You’ve been waiting with bated breath to find out who this year’s Ocean Heroes are, and the time has finally come to announce our winners!
We received over 400 fantastic nominations this year, and narrowed it down to six adult finalists and five junior finalists. Thousands of your votes determined the winners, and we’re excited to announce that our adult Ocean Hero is Captain Don Voss and our Junior Ocean Hero is James Hemphill.
Captain Don Voss, from Fort Pierce, Florida, is the owner of the Marine Cleanup Initiative Inc., a debris collection organization that cleans up Florida’s waterways. Over the last 11 years, the company has grown from six volunteers to over 400, who have collectively removed over 300,000 pounds of marine debris. Don started SCUBA diving as a form of therapy after he was wounded in Vietnam, and his love for the ocean motivated him to help clean up the waterways that he loved to dive in.
Don was thrilled to hear that he had won, and is excited for the future of his work.
“I’m 64 now and keep thinking I’ll go back to recreational diving, but every time I go back in the water I find myself picking up debris. People need to understand that this is an ecosystem and that every one thing affects the next thing… What I’ve learned from my grandchildren, if you want an adult to stop doing something, you tell the kids. I’m hoping is that I can get more kids involved with diving, I can get less debris in the water and the water quality improves.”
And if there’s any kid who’s involved with getting debris out of the water, it’s our Junior Ocean Hero, James Hemphill. At 15 years old, James has already been working in ocean conservation for several years. He’s the president of Project Green Teens, a student-run environmental group that promotes conservation in Virginia Beach. They have removed 2,300 pounds of trash from Virginia waterways, and are currently working on a plastic bag ban in Virginia Beach.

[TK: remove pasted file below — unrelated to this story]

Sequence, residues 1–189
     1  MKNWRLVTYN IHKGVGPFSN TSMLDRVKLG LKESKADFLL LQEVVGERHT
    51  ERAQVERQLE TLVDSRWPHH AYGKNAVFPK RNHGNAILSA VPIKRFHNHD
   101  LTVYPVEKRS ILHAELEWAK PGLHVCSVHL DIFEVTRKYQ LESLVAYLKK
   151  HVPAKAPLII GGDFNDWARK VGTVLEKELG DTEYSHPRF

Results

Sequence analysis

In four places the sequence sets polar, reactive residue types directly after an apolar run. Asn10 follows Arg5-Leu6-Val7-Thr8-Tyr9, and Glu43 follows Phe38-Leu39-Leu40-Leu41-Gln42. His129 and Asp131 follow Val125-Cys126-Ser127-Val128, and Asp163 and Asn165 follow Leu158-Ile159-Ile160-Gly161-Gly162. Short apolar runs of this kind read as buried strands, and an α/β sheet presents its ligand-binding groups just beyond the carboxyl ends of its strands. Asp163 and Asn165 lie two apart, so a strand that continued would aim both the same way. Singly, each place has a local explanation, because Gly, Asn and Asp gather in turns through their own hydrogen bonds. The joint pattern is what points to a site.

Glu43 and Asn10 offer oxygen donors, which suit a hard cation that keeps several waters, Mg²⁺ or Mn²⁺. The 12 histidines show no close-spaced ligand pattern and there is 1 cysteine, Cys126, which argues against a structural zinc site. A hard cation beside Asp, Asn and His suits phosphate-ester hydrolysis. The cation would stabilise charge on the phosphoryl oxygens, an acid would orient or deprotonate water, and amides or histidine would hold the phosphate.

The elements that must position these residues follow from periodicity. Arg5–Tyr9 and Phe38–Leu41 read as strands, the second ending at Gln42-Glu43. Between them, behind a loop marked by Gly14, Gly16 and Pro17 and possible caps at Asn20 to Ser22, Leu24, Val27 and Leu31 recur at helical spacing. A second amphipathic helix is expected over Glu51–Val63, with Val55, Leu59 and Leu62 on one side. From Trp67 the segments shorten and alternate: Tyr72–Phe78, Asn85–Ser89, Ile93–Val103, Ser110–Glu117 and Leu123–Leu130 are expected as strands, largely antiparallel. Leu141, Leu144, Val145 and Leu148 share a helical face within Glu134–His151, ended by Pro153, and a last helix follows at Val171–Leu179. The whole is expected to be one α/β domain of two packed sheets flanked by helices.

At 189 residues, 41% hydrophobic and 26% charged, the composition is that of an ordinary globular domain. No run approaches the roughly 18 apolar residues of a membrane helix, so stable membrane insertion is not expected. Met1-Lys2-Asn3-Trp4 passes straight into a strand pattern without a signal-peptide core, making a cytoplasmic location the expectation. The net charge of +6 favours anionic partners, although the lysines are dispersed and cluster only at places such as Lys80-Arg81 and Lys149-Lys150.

James wants kids his age to know that getting involved in conservation is easy, and you can make a big difference by making some changes in your lifestyle.
“Start out with the little creeks that run into the ocean and start small where you can physically see the results. Get a group of friends that are interested and experiment. There’s no such thing as failure… it’s just a matter of how much effort you’re willing to put into it.”
Congratulations to Don and James, and all of our amazing finalists!
Thanks to our corporate sponsors at Nautica and Revo Sunglasses for helping make the Ocean Heroes Awards possible. Our winners will receive a prize package that includes a $500 gift card to Nautica and a pair of Revo sunglasses, made with a 100% recycled frame and polarized lenses, perfect for spending days out on the water.
Happy World Oceans Day!
The ocean does a lot for us — it generates much of the oxygen we breathe, provides us with nutritious food to eat and regulates our climate. But if we want to hold onto these valuable resources, we have to take care of the ocean the way it takes care of us.
Today marks the 20th annual World Oceans Day, a chance for us to protect our most valuable resource. We’ve put together five ways for you to celebrate World Oceans Day (even if you’re nowhere near an ocean)
1. Go to the Beach What better way to celebrate World Oceans Day than to go straight to the source? If you’re lucky enough to live near the water, get a group together and head down to the shore. Pack a picnic (but no single-use plastic bags or bottles, please!) and spend the day learning about the ocean firsthand.